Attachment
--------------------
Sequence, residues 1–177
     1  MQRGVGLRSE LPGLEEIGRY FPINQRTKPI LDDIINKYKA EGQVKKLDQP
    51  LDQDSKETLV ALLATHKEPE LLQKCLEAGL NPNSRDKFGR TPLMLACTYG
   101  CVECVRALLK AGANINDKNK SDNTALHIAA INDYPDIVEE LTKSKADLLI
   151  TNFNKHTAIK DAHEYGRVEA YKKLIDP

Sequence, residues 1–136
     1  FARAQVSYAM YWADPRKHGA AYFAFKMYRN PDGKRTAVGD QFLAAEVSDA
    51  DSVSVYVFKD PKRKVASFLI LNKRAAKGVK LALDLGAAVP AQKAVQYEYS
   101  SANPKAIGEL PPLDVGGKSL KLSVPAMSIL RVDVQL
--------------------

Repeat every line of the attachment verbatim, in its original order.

Sequence, residues 1–177
     1  MQRGVGLRSE LPGLEEIGRY FPINQRTKPI LDDIINKYKA EGQVKKLDQP
    51  LDQDSKETLV ALLATHKEPE LLQKCLEAGL NPNSRDKFGR TPLMLACTYG
   101  CVECVRALLK AGANINDKNK SDNTALHIAA INDYPDIVEE LTKSKADLLI
   151  TNFNKHTAIK DAHEYGRVEA YKKLIDP

Sequence, residues 1–136
     1  FARAQVSYAM YWADPRKHGA AYFAFKMYRN PDGKRTAVGD QFLAAEVSDA
    51  DSVSVYVFKD PKRKVASFLI LNKRAAKGVK LALDLGAAVP AQKAVQYEYS
   101  SANPKAIGEL PPLDVGGKSL KLSVPAMSIL RVDVQL